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Car Crash Studies is a thought provoking photographic study of life's fragility. The images that move between documentation and abstraction are based on cars from traffic accidents.

Several of the images are almost abstract and look more like landscapes than what they actually are. Collided bodyworks, dents and cracks in varnish appear as highly enlarged details in the monumental works. Another series show more obvious signs of accidents in airbags that have been released.

In this way Howalt approaches and take a step back from the terrible sight, we find horrible but at the same time can not help but look at - maybe because it leads us to feel a relief to still be alive. This feeling of katharsis upon being confronted with the horror, per delegate, is not a new phenomenon, but the centerpiece of the Greek tragedies.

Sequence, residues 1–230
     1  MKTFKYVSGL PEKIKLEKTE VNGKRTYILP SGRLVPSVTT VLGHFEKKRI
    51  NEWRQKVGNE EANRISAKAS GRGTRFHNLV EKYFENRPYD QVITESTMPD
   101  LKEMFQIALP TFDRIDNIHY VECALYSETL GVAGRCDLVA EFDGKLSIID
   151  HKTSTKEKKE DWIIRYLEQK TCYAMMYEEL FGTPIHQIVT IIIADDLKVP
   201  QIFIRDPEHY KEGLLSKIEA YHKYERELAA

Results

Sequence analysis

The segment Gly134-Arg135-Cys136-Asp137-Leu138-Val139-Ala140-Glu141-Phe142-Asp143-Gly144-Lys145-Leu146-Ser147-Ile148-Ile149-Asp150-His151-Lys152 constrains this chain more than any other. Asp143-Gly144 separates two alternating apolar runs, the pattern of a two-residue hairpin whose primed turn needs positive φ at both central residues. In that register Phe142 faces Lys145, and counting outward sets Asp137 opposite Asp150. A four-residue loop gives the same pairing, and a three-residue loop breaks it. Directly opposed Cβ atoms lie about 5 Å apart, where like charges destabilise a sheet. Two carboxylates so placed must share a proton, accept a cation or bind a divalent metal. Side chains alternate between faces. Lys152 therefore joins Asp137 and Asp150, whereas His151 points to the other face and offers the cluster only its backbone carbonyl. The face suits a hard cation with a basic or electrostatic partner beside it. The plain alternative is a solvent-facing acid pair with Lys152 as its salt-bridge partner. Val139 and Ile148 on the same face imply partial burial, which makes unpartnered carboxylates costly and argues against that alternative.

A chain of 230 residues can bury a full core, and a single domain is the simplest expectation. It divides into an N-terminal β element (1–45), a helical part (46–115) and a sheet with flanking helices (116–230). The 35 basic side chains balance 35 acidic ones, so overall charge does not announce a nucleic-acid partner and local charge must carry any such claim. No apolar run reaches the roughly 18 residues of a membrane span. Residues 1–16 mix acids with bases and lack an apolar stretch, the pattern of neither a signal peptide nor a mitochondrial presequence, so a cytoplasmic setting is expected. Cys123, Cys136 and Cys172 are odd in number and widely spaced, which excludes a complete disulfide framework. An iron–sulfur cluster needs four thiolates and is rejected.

The curious connection between the horrible and the beautiful has been a topic for artists, poets and philosophers at all times. For example, the English 18th century philosopher Edmund Burke in his inquiry into the ideas of the beautiful and the sublime, where the latter is interpreted as a sense of horror, that astonishes the mind and soul completely.

Although Car Crash Studies is based on cars that have been involved in accidents Howalt’s works rather attempts to portray an abstract, mental state, namely the duality we feel in relation to accidents or catastrophes when experienced from a distance - as spectators, through representations: as something we watch on TV, in the theatre or in a picture.

Portfolio Car Crash.pdf